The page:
Information from another commenter suggests that Erik Scott’s handgun was removed from his waistband holster by an EMT and placed on the ground. I’m unsure if that commenter meant to say that an EMT removed the handgun, still in its inside the waistband holster, and placed it on the ground. According to the commenter, this information comes from an EMT’s report of the incident, which apparently has not been made public, nor was it introduced during the Inquest. The photograph displayed during the Inquest depicts a 1911 type handgun in a holster which the police said belonged to Scott and was photographed in place. I’m unaware of specific testimony regarding how it came to rest there, but the implication in line with the Police/Prosecutor theory is that Scott himself removed the weapon from his waistband at his back, holster and all, pointed it at the officers and dropped it at some point during the shooting.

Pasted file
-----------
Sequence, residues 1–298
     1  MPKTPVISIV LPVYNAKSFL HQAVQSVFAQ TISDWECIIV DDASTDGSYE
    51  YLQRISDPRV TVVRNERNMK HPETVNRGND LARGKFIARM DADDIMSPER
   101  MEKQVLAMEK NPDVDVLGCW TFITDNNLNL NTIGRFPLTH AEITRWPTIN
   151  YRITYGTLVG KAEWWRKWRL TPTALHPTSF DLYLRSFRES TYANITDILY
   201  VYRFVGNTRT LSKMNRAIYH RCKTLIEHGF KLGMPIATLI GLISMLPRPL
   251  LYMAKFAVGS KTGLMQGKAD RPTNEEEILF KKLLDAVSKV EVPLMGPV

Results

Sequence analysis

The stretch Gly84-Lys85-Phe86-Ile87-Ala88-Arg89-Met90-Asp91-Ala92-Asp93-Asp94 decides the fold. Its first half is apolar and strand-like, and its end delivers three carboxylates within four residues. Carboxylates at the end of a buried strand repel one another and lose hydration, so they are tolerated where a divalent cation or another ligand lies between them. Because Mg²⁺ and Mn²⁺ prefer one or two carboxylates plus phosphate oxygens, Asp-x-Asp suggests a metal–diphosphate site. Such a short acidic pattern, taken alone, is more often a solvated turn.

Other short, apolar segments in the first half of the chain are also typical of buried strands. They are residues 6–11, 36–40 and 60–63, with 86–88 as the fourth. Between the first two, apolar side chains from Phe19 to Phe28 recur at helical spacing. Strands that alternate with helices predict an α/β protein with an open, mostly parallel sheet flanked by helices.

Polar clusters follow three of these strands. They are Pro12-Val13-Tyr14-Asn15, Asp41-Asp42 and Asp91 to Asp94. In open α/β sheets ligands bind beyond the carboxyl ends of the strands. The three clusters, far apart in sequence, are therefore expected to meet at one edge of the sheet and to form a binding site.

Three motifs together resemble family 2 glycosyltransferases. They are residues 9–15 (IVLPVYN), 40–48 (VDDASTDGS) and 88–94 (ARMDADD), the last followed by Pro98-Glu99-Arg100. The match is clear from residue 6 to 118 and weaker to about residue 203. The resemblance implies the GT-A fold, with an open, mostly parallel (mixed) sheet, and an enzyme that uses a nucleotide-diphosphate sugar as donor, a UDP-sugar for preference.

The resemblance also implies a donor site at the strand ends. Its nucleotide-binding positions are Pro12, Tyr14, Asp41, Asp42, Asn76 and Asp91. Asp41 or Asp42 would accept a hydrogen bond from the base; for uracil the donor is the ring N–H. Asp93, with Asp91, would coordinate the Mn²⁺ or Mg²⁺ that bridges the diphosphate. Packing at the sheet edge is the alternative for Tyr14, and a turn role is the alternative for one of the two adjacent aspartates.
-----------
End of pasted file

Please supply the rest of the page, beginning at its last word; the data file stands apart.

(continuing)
If this is true, another bizarre and inexplicable element has been added to this case, so bizarre and inexplicable that I tend to discount it. If true, this means that after shooting and handcuffing Scott, the officers failed to disarm him, failing to remove even the weapon known to them. In other words, having, seconds earlier, apparently survived a deadly force encounter, the officers, through negligence, did nothing to remove all possibility of deadly, continuing danger to themselves and others. All available facts suggest that any officer handcuffing Scott should not have failed to detect his handgun, imprinted under his shirt, or partially exposed. Failing to remove and secure it would indicate such gross incompetence on the part of the officers that it is hard to believe and would require substantial proof to sustain, proof such as an EMTs report made public accompanied by that EMTs testimony, hopefully supported by the testimony of other EMTs. On the other hand, if it is true, the Police/Prosecution theory falls entirely apart. If EMTs found Scott’s handgun, in its holster still in his waistband after he had been shot and handcuffed, the officer’s claim that Scott pointed that weapon at them is, to put it very, very kindly, mistaken.